1054
1054

PROPERTY FROM AN IMPORTANT PRIVATE ASIAN COLLECTION

Christine Ay Tjoe
THE UNDERCOVERING OF US
Estimate
1,500,0002,500,000
LOT SOLD. 2,500,000 HKD
JUMP TO LOT
1054

PROPERTY FROM AN IMPORTANT PRIVATE ASIAN COLLECTION

Christine Ay Tjoe
THE UNDERCOVERING OF US
Estimate
1,500,0002,500,000
LOT SOLD. 2,500,000 HKD
JUMP TO LOT

Details & Cataloguing

Contemporary Art Evening Sale

|
Hong Kong

Christine Ay Tjoe
B.1973
THE UNDERCOVERING OF US
signed and dated 08; signed, inscribed, titled and dated 2008 on the reverse
acrylic on canvas
135 by 170 cm; 53 1/4  by 67 in.
Read Condition Report Read Condition Report

Provenance

Sotheby's Hong Kong, 4 April 2011, Lot 207
Acquired from the above sale by the present owner
Private Asian Collection

Exhibited

Seoul, South Korea, “Christine Ay Tjoe : Perfect Imperfection”, 28 April- 20 June 2015, SongEun Art and Cultural Foundation

Literature

Christine Ay Tjoe: Perfect Imperfection, SongEun Art and Cultural Foundation, Seoul, South Korea, 2015, color illustration, p. 57

Catalogue Note

Sprawling, intense and mesmerizing, The undercovering of us (2008) is a characteristic example of Christine Ay Tjoe’s visual and thematic complexity. With her passionate abstractions, the Bandung-born artist has cemented herself as one of Indonesia’s most celebrated contemporary creators. A graduate of the Bandung Institute of Technology, Ay Tjoe’s background in printmaking and graphic art provides the technical foundation for her large, emotive paintings. These expressive canvases have always acted as a window into Ay Tjoe’s inner psyche, shocking and enthralling viewers with their candid expressions of vulnerability. This piece embodies the depths of emotion and vigour that is a hallmark of her work, and serves as an organic, visual snapshot of Ay Tjoe’s artistic and personal identity.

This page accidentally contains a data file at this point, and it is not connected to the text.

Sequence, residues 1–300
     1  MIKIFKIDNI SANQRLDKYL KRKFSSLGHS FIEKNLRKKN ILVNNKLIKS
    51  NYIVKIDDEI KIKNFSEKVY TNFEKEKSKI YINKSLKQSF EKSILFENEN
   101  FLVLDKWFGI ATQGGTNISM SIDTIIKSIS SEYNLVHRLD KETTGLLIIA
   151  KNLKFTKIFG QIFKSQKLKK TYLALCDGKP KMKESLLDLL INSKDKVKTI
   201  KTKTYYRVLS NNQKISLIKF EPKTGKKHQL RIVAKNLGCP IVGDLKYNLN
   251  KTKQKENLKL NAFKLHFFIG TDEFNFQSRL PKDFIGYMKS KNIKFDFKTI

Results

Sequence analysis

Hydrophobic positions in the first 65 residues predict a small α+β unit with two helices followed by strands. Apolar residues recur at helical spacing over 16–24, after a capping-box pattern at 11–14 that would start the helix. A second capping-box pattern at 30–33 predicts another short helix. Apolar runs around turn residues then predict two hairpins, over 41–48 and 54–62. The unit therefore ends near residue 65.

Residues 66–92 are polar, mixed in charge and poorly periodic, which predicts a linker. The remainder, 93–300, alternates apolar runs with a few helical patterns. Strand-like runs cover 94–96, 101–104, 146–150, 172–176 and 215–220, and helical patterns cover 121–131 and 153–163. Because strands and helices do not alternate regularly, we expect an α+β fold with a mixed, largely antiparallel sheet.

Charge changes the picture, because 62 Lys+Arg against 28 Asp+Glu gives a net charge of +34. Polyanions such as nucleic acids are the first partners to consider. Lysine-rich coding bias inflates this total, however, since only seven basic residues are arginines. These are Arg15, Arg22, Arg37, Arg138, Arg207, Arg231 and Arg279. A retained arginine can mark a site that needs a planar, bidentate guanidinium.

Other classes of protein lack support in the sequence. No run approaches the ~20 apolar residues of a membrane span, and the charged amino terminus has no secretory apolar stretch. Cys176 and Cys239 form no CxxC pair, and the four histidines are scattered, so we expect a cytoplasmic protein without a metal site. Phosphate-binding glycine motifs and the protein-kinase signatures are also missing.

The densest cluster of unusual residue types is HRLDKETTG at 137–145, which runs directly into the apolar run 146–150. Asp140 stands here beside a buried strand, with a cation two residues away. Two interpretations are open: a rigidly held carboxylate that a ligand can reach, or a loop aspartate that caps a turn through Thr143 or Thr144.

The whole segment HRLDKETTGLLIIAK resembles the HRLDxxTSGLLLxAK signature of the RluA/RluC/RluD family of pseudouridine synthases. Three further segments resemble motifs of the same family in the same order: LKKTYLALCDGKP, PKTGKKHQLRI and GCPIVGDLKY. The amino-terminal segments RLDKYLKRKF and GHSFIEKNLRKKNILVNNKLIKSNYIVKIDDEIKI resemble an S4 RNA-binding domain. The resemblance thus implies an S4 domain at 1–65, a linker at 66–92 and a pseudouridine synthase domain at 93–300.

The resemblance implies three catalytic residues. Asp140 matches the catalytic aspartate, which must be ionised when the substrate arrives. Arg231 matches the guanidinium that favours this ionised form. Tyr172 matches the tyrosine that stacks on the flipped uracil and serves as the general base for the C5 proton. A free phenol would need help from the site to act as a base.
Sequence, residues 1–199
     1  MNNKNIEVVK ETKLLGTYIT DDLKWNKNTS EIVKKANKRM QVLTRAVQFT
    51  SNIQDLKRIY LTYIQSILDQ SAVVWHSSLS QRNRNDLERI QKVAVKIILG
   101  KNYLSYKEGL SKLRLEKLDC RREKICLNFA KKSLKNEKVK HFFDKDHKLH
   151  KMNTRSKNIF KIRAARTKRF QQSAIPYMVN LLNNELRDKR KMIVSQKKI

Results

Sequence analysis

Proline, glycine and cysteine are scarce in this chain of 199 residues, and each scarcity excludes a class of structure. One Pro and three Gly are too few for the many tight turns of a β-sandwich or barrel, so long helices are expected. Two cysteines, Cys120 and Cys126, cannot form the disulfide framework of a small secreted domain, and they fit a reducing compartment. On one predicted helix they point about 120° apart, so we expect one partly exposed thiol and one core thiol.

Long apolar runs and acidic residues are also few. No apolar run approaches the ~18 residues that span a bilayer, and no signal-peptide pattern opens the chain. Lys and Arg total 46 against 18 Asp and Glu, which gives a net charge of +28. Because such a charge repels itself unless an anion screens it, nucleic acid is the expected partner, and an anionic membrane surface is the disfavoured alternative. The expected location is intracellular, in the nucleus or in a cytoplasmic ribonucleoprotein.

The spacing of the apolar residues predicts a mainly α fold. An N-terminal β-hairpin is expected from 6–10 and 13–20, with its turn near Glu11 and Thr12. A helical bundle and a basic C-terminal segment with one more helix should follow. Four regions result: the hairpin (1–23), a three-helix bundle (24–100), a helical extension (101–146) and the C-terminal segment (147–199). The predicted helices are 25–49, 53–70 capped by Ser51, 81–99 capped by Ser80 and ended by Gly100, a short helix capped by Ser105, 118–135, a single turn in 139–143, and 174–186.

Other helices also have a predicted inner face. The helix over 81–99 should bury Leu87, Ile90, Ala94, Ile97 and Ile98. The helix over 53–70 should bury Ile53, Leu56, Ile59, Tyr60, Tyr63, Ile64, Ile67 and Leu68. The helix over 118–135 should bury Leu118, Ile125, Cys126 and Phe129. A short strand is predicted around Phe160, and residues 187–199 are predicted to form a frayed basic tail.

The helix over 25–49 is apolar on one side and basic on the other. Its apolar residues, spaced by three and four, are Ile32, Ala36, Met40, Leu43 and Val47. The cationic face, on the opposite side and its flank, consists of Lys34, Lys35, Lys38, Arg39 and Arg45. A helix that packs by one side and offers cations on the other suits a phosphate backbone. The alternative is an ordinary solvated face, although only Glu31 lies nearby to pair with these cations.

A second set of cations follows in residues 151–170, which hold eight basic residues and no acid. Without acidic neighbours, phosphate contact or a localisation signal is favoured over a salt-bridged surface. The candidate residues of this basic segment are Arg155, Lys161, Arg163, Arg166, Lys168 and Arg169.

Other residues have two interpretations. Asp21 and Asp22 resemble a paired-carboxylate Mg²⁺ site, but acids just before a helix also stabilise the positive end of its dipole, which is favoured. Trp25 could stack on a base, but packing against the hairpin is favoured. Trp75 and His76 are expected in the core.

As the artist herself reflects, “as far as I know what I do and create… will shape my identity in the future”.[1] In turn, the painting comes to represent the artist’s navigation of thought, emotion and identity, the internal now made external. All of this is progressively conveyed through Ay Tjoe’s complex visual language - composed of kaleidoscopic strokes, along with dry brush and etching techniques. Emblazoned with raw, unrestrained gestures, the canvas appears charged with palpable emotion, further heightened by the calm simplicity of the cream background. Ay Tjoe’s placement of line seems almost involuntary and uncontrolled, each brushstroke forcefully impressed onto the surface. This technique creates shifting light and dark bursts across the negative space, imbuing the canvas with flow and movement. Thick black swirls crowd out the centre of the canvas, forming the very eye of the storm, while the remaining space is punctuated by dueling whites, faint brown hues, and sharp accents of red. Most strikingly, a brilliant vermilion arm extends out of the tangle, and it is the sole identifiable shape among the confusion, sharply defined and almost eerily skeletal, featuring exaggerated joints and empty outstretched fingers. The arm valiantly stretches away and downwards as if trying to escape, or to reach for something perpetually beyond its grasp.